Last year’s midweek field trip to Bombay Hook proved to be so successful that it was decided to do it again. Seven of us met at the Park & Ride on Route 32 just below Route 26 in Eldersburg at 8:00am. Dividing up into two cars, we were soon off for a day of adventure and some good birding.
There was still an Osprey on a nest at the Bay Bridge. Some kids just never know when to leave home! We also saw the usual Great Black-backed Gulls here too. Otherwise, the ride across Maryland and Delaware was relatively uneventful.
Turning onto Bombay Hook National Wildlife Refuge itself, we had an encounter with a small covey of Bobwhite. This species could be heard all over the refuge. We stopped at the visitors center to check on any recent sightings. There was nothing rare or unusual listed there. Around the building itself, we heard or saw Gray Catbird, American Goldfinch, House Sparrow, Eastern Kingbird, and Red-tailed Hawk. There were also a number of butterflies there, including Red-spotted Purple and Tiger Swallowtail.
Proceeding to Raymond Pool, we soon added quite a few species to our list. These included Red-eyed Vireo, Barn Swallow, Snowy Egret, Mallard, European Starling, Great Blue Heron, Lesser Yellowlegs, Greater Yellowlegs, American Avocet, Black-Bellied Plover, Stilt Sandpiper, Short-billed Dowitcher, Marsh Wren, Bald Eagle, Forster’s Tern, Glossy Ibis, Semipalmated Plover, Common Yellowthroat, Laughing Gull, Blue Grosbeak, Bank Swallow, Marbled Godwit, Eastern Towhee, and Great Egret.
The Marbled Godwit was a very nice indeed, but it was destined to be lost among the hundreds of American Avocets. While we were standing there watching the show through our scopes, a refuge employee drove by in a John Deere tractor, mowing the grass on the side of the road. The birds must have been used to this activity since few of them flew off.
Shearness Pool was next. Here we had Black-necked Stilt, Semipalmated Plover, Glossy Ibis, Forster’s Tern, Least Tern, Semipalmated Sandpiper, Double-crested Cormorant, Pectoral Sandpiper, Caspian Tern, Canada Goose, Northern Pintail, and Green-winged Teal. It was nice to see some ducks other than Mallards for a change. It was also encouraging when, every now and then, a Monarch Butterfly would sail by on its way south.
While driving about in search of a picnic table where we could eat our lunch, we added Indigo Bunting and Tree Swallow to our species list. We never did find a picnic table, but instead stood by our vehicles at a dead end with a view of Finis Pool. A green heron joined us for a while as did a Northern Cardinal, an Eastern Wood-peewee, and a Red-eyed Vireo.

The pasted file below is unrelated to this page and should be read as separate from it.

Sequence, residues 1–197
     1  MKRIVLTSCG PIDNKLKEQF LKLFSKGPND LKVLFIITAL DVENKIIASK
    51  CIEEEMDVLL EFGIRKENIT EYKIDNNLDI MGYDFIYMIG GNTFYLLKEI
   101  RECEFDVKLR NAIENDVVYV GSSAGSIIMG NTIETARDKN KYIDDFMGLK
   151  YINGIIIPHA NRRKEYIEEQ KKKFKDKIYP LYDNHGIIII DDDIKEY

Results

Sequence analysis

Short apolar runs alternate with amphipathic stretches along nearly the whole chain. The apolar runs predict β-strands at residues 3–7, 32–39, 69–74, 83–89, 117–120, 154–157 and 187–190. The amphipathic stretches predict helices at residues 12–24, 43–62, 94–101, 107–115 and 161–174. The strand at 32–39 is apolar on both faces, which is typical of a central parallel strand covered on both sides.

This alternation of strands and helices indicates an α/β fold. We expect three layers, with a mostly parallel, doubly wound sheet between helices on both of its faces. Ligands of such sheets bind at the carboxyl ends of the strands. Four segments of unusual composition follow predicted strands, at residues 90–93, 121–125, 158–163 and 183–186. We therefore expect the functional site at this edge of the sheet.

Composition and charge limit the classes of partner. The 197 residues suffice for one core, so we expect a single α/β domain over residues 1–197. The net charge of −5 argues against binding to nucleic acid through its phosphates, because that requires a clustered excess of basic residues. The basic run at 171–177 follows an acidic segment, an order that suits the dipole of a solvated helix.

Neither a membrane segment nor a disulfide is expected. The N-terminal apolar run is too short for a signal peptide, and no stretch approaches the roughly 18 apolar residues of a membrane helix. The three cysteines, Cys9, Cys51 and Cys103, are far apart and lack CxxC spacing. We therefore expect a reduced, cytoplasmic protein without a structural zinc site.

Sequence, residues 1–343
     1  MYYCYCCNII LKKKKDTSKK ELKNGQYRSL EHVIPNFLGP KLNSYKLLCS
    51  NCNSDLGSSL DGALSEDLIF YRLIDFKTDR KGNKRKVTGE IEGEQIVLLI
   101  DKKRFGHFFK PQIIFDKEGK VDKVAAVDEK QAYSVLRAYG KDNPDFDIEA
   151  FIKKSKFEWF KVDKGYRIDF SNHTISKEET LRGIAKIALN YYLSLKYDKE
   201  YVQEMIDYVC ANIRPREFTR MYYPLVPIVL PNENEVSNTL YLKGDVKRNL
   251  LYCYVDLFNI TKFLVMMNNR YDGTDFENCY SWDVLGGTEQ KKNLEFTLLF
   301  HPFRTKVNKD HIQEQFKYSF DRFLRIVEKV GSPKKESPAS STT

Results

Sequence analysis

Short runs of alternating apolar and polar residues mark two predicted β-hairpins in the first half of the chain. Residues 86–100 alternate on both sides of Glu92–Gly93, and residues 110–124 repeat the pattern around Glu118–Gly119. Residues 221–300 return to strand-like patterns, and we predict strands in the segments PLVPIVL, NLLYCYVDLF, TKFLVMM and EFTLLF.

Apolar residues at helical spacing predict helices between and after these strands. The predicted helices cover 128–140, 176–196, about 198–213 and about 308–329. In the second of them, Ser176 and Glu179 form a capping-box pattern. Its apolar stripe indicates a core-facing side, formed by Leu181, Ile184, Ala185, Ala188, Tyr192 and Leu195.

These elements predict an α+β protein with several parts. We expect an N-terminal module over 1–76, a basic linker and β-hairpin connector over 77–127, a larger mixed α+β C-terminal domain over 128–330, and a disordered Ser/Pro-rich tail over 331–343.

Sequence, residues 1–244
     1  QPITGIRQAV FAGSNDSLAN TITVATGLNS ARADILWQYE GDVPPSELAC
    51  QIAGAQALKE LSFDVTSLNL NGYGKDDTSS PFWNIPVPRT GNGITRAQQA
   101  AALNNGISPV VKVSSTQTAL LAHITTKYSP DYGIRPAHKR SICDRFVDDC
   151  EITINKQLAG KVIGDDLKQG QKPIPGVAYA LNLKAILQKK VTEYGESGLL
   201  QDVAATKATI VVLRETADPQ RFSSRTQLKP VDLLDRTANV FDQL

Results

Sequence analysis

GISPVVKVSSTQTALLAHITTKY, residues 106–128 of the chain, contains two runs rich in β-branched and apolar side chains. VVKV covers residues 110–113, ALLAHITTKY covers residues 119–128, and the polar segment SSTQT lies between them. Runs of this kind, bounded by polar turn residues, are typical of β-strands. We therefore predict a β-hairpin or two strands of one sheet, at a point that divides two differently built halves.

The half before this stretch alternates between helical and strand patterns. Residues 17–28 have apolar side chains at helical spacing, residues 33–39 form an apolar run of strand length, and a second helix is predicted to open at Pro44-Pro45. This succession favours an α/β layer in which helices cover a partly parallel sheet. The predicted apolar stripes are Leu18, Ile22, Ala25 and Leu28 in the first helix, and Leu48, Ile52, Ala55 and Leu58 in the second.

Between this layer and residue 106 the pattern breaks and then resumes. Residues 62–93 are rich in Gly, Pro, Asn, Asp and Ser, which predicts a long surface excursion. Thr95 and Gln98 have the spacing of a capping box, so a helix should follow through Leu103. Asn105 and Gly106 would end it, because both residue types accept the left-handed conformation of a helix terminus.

Working our way back towards the visitors center again, we soon spotted some Cardinal Flower growing in the marsh near the road. There were more birds too, including Carolina Wren, Eastern Kingbird, Orchard Oriole, Indigo Bunting, Eastern Towhee, Red-winged Blackbird, Cedar Waxwing, and a Blue Grosbeak perched in a Sweet Gum tree. When we had almost reached the visitors center, Bob heard a Grasshopper Sparrow singing nearby. The tune belted out by a Northern Mockingbird from the roof of the center itself was much more melodious.
From here, it was on to Port Mahon Preserve. The road had been paved since our last club visit, so there was no need for us to any heavy work this time. Last year, the group pushed two cars out of the sand there. Situated where it is along the Delaware Bay, Port Mahon Road makes a great place to bird from the cars. And that is exactly what we did. Sitting out on the pilings were Royal Terns, Great Black-backed Gulls, and even an Osprey. The latter was having its midday meal – sushi, of course. On the shore, we photographed Ruddy Turnstones, Black-Bellied Plovers, Semipalmated Plovers, and Semipalmated Sandpipers. On the other side of the road, in the marsh, Bob pointed out some Giant Foxtail grass. I could never remember having seen this before.
Our last stop of the day was at the Ted Harvey Wildlife Management Area. Bob led us to a dead end with shoulder-high vegetation all around it. In typical Bob fashion, he commented on how things seem to have grown up since the last time he visited the spot. Thank goodness he know where he was going. Taking off into a growth of Phragmites that would have made a machete dull, he led us to an open area overlooking the marsh and a shallow pool. On the far sand flat sat a number of gulls and terns, including one that didn’t quite look like the rest. It was a Gull-billed Tern.
In the scope, the Gull-billed Tern’s was obviously not tern-like. It was thick and black. The bird was quite a way off, but eventually took flight and did come a bit closer. Everyone was excited. For some, this was a life bird. The species rarely strays so far north.
While we were waiting for the tern to hopefully fly closer, we also spotted Little Blue Heron, Black-necked Stilt, Snowy Egret, Swamp Sparrow, Common Yellowthroat, and Bank Swallow. Then, it was back through the Phragmites and into the vehicles. People seemed quiet on the way home. No doubt, they were thinking about the great day we had had in the field.